This batch was made from several pounds of wild apples courtesy Anne-Marie Fournier. I followed my previous crabapple recipe, plus 3 cans of frozen white grape juice, crushed apples in a nylon bag, 12 pounds of sugar, pectic enzyme, acid blend, yeast nutrient, grape tannin and campden tablets. Yeast: Lalvin ICV-D47.
I don’t know how many pounds of apples I used. I think Anne-Marie picked enough apples for two batches of wine. I make a judgment call while crushing the apples. I put the mesh bag in the primary fermenter and I slowly build a large pile of mashed apples inside of the bag.
The grape juice was added because last year’s wine from these same apples was missing a little something. It was drinkable, but I’d like to make a better wine this year. For starters, this year I am going to the trouble of cutting all of the apples into wedges and as a result cutting out any overripe parts and the seeds and core. Last year I did as I do with the crabapples: threw the apples in a bucket, crushed ’em, threw ’em in a nylon bag and made a wine must. Since these apples apparently have a more subtle flavor than the crabapples, I’m hoping that this extra level of effort to get just the good fruit will make a huge difference.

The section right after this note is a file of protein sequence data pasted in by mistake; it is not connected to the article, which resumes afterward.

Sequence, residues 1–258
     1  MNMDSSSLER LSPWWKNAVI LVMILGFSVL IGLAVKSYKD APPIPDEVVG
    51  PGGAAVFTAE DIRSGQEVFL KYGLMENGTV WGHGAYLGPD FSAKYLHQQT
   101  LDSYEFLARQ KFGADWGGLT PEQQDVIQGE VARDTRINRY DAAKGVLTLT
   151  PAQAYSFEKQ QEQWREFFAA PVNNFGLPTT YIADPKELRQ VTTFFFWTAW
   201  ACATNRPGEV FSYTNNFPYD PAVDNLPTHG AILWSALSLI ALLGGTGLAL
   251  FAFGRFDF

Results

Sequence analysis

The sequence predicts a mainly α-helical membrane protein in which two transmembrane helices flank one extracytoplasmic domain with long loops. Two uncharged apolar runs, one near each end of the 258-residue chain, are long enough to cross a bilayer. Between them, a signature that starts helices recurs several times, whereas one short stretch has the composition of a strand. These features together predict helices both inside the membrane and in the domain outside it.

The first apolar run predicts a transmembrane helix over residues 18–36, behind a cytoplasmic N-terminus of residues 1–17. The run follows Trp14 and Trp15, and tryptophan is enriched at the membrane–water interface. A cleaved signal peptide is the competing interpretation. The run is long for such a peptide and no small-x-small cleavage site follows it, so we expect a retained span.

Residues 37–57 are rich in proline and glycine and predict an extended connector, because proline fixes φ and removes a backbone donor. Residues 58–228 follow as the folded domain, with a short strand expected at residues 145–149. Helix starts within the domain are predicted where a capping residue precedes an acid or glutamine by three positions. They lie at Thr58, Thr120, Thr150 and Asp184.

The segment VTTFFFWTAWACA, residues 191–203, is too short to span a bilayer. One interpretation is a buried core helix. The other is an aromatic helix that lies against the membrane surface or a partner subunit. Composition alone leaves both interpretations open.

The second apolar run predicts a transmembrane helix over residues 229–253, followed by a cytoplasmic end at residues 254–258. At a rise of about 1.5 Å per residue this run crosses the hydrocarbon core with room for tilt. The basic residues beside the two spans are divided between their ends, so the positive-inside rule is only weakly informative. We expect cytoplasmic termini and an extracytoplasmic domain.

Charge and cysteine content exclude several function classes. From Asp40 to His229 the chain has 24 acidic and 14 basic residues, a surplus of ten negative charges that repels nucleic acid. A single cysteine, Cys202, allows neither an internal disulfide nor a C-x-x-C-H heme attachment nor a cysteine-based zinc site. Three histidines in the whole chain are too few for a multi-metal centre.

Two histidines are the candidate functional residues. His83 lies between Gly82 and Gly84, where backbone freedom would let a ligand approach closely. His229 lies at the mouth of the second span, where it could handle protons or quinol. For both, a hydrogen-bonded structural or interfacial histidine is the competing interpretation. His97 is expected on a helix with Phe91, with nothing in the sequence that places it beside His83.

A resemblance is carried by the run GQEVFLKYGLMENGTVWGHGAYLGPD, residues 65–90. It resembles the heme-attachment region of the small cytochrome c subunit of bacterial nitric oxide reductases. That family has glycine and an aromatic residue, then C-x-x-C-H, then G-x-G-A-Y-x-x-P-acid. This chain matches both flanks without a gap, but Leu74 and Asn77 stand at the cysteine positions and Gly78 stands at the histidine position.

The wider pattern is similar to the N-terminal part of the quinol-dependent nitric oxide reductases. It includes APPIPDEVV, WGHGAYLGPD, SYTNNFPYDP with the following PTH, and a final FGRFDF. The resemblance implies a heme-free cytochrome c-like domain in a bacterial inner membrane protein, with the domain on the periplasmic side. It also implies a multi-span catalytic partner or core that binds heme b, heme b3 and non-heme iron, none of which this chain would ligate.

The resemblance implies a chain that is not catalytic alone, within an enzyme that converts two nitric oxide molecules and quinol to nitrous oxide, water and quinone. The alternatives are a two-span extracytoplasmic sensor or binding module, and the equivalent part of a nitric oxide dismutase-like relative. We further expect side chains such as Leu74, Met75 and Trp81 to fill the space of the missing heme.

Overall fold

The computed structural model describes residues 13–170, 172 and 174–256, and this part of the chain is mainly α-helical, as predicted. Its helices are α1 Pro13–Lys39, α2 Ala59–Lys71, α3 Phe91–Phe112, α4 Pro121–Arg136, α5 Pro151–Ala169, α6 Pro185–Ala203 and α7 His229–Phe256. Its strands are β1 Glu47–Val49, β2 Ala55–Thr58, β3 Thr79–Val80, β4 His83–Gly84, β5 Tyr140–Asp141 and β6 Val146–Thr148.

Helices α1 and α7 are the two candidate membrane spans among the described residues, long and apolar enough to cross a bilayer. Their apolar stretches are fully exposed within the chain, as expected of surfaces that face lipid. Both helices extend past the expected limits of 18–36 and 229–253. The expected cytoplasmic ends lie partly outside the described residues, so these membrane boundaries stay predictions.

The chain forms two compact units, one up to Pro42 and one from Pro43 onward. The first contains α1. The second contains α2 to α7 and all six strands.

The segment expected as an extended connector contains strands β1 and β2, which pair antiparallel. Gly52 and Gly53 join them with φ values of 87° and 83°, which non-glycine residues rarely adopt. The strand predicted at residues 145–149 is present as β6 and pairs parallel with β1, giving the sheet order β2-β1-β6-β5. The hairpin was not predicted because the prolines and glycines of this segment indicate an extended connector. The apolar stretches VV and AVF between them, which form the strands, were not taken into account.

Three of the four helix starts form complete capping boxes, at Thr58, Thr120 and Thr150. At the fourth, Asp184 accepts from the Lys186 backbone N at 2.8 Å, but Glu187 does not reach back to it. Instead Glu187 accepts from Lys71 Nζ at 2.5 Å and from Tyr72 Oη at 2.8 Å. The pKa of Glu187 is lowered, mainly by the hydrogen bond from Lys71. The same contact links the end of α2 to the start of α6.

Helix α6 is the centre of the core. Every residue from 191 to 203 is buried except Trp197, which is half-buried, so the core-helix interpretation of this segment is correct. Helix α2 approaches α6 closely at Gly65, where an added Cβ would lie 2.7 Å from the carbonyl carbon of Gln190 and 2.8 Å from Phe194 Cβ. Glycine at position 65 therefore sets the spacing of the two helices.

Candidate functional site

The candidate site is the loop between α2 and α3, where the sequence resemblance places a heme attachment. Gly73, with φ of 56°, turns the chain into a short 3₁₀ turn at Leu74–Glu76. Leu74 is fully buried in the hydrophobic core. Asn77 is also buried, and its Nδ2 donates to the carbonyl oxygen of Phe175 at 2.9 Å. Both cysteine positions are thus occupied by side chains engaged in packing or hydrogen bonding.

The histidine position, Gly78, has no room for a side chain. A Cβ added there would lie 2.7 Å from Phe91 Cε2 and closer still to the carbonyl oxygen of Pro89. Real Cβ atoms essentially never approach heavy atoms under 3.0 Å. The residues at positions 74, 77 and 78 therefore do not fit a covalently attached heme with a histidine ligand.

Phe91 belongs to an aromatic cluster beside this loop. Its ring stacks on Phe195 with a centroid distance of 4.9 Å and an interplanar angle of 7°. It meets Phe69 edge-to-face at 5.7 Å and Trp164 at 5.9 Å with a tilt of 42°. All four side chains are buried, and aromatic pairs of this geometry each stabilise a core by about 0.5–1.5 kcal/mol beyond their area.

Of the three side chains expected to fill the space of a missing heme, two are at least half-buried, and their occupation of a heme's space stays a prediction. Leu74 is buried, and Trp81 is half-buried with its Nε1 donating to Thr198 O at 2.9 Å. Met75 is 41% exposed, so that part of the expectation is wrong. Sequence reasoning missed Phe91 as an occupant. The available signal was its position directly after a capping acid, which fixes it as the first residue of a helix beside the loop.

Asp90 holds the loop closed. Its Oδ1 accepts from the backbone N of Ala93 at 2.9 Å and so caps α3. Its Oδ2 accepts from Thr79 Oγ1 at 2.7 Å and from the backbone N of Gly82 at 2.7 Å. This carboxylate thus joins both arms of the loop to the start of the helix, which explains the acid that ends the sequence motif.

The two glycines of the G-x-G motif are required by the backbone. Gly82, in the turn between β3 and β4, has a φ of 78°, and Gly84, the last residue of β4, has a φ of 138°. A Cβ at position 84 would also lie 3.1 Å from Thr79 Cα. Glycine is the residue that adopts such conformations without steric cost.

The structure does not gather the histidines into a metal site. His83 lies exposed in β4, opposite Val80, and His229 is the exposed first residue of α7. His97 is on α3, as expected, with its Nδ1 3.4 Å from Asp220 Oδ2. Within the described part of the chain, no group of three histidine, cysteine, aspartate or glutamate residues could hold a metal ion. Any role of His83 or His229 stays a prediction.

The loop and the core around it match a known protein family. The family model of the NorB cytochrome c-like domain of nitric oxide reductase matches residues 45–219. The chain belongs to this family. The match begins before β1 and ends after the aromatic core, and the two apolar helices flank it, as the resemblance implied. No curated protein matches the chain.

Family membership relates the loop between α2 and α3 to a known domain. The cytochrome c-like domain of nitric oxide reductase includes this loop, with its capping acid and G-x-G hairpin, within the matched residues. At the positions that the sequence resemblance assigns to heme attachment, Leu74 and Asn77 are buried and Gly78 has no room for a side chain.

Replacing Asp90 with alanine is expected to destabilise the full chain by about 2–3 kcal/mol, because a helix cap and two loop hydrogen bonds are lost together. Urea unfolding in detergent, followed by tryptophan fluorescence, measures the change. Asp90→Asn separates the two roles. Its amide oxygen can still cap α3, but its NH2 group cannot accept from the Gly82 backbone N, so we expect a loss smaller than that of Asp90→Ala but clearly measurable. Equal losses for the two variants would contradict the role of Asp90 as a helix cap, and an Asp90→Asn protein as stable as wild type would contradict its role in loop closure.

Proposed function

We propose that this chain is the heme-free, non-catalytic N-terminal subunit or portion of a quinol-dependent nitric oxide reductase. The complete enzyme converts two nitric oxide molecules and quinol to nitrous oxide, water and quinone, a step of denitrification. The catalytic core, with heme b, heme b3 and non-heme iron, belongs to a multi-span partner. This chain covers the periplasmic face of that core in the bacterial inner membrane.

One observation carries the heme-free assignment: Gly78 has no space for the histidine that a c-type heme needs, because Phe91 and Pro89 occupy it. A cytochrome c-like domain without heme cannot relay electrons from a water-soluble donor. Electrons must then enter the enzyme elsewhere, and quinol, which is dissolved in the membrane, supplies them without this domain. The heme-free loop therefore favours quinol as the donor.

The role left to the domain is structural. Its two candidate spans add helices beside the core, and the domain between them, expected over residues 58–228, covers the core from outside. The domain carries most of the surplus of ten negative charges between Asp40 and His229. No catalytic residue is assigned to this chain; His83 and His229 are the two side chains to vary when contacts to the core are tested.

Also, since cutting the apples like that takes time I had to freeze the cut apples as I went along. This turned out to be very beneficial. The frozen apples – once thawed – were very easy to crush. So freeze the apples if you plan to crush the apples like I do. If you have a fruit press, then this advice doesn’t really apply.
|Status||Date||Specific Gravity||Fluid Temp.||Air Temp.|
|Build Must||2012-06-16 PM||1.104||75°F||80°F|
|Primary Fermentation||2012-06-16 AM||1.104||70°F||70°F|